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Canada Elections Act (S.C. 2000, c. 9)

Full Document:  

Act current to 2019-08-28 and last amended on 2019-06-13. Previous Versions

PART 18Financial Administration (continued)

DIVISION 6Leadership Contestants (continued)

SUBDIVISION BFinancial Administration of Leadership Contestants (continued)

Marginal note:Notice of estimated surplus

  •  (1) If the Chief Electoral Officer estimates that a leadership contestant has a surplus of leadership campaign funds, the Chief Electoral Officer shall issue a notice of the estimated amount of the surplus to the contestant’s financial agent.

  • Marginal note:Disposal of surplus funds

    (2) The leadership contestant’s financial agent shall dispose of a surplus of leadership campaign funds within 60 days after the day on which they receive the notice of estimated surplus.

  • Marginal note:Disposal without notice

    (3) If a leadership contestant has a surplus of leadership campaign funds but their financial agent has not received a notice of estimated surplus, the financial agent shall dispose of the surplus within 60 days after the day on which the Chief Electoral Officer is provided with the contestant’s leadership campaign return.

  • 2014, c. 12, s. 86

Marginal note:Method of disposal of surplus

 The leadership contestant’s financial agent shall dispose of surplus leadership campaign funds by transferring them to the registered party that is holding the leadership contest or a registered association of that party.

  • 2014, c. 12, s. 86

Marginal note:Notice of disposal of surplus

  •  (1) A leadership contestant’s financial agent shall, within seven days after disposing of the contestant’s surplus leadership campaign funds, give the Chief Electoral Officer a notice in the prescribed form of the amount and date of the disposal and to whom the surplus was transferred.

  • Marginal note:Publication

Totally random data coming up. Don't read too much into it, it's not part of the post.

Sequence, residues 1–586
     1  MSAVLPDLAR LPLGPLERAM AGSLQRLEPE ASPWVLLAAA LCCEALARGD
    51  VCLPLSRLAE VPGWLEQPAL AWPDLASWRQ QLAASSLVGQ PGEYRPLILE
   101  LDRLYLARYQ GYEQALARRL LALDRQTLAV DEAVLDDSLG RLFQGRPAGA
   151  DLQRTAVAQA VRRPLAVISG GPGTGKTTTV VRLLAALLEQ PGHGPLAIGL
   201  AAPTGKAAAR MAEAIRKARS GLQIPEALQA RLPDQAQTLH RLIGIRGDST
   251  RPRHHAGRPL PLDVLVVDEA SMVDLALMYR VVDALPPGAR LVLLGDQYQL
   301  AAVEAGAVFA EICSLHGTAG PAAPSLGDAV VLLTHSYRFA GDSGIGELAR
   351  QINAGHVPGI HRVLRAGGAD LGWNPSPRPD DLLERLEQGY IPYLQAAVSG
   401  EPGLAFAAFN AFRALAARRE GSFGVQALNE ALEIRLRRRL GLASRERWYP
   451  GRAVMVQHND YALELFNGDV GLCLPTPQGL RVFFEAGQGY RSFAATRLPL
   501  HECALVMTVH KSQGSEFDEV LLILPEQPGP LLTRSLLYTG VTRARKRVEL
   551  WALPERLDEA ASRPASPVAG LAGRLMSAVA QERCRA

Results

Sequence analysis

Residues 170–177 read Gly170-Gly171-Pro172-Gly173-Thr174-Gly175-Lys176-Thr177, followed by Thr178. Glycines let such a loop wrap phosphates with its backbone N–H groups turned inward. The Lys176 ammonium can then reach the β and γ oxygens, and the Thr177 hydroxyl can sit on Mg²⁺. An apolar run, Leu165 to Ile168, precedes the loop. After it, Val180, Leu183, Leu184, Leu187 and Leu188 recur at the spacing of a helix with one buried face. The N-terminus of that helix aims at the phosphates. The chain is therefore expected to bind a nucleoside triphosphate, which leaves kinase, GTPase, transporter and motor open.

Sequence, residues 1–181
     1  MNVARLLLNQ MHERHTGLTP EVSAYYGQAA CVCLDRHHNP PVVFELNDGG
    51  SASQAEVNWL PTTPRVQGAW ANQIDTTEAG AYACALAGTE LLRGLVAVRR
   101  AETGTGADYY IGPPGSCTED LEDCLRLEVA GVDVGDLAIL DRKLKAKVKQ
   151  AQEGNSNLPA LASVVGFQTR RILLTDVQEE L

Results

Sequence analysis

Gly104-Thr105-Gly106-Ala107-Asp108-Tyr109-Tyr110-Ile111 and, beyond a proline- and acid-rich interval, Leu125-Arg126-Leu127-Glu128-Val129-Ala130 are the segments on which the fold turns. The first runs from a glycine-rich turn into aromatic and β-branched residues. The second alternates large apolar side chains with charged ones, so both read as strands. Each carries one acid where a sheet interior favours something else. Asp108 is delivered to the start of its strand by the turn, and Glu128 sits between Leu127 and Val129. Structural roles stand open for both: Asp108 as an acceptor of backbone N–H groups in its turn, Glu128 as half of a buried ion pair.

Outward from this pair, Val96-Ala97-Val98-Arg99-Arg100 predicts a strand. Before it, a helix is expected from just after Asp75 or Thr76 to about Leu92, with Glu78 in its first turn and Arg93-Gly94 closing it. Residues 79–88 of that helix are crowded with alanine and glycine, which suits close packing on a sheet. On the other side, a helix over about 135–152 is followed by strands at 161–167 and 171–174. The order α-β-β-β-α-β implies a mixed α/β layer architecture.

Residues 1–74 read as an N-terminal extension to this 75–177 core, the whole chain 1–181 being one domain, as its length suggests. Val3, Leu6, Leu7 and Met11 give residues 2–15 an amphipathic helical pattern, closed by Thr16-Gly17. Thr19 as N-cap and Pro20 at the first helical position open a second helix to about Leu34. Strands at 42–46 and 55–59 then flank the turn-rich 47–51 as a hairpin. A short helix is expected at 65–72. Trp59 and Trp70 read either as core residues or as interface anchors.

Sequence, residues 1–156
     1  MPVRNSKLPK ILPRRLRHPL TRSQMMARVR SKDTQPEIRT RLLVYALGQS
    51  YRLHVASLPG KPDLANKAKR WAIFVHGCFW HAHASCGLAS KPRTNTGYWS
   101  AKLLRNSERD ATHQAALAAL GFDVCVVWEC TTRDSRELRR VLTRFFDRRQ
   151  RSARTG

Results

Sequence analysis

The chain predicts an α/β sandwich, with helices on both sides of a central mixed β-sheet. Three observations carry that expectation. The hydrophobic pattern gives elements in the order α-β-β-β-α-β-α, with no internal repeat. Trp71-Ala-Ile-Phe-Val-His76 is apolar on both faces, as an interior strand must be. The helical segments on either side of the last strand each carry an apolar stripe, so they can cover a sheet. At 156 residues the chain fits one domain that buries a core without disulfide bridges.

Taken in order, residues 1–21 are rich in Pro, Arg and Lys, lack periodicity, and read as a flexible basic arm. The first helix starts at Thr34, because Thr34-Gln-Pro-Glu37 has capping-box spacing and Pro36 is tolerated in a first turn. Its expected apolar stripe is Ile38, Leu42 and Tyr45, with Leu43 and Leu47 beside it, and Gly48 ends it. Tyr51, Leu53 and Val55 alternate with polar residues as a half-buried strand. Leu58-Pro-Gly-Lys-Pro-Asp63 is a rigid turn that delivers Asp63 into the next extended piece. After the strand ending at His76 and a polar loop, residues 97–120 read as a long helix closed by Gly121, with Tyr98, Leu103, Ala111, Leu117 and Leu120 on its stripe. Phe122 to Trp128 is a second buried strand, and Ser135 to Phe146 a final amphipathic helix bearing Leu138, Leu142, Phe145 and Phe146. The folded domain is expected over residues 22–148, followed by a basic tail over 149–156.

(2) As soon as feasible after the disposal of a leadership contestant’s surplus leadership campaign funds, the Chief Electoral Officer shall publish the notice in any manner that he or she considers appropriate.

  • 2014, c. 12, s. 86

PART 19Enforcement

Peace and Good Order at Elections

Marginal note:Duty to maintain order

  •  (1) Every returning officer is responsible for maintaining order in his or her office during voting in accordance with Division 4 of Part 11.

  • Marginal note:Duty to maintain order

    (2) Every election officer is responsible for maintaining order during voting hours at any place where voting takes place in accordance with Part 9 or 10.

  • Marginal note:Order to leave

    (3) In performing his or her duty under subsection (1) or (2), an election officer may order a person to leave the returning officer’s office or other place where the vote is taking place if the person is committing — or the officer believes on reasonable grounds that the person has committed — in the office or place an offence under this Act, any other Act of Parliament or any regulation made under any other Act of Parliament that threatens the maintenance of order.

  • Marginal note:Order must be obeyed

    (4) Every person in respect of whom an order is made to leave an office or place must obey it without delay.

  • (5) [Repealed, 2018, c. 31, s. 320]

  • (6) [Repealed, 2018, c. 31, s. 320]

  • Marginal note:Removal of material

    (7) If a returning officer or other election officer believes on reasonable grounds that a person has contravened paragraph 166(1)(a) or (b), the officer may cause any material that they believe on reasonable grounds was used in contravention of that paragraph to be removed from, in the case of a returning officer, his or her office or, in the case of any other election officer, the polling station.

  • Marginal note:Peace officer protection

    (8) Every election officer has, while exercising their powers or performing their duties under this section, all the protection that a peace officer has by law.

  • 2000, c. 9, s. 479
  • 2018, c. 31, s. 320

Offences

General Provisions

Marginal note:Obstruction, etc., of electoral process

  •  (1) Every person is guilty of an offence who, with the intention of delaying or obstructing the electoral process, contravenes this Act, otherwise than by committing an offence under subsection (2) or section 480.1, 481, 482 or 482.1 or contravening a provision referred to in any of sections 484 to 499.

  • Marginal note:Public meetings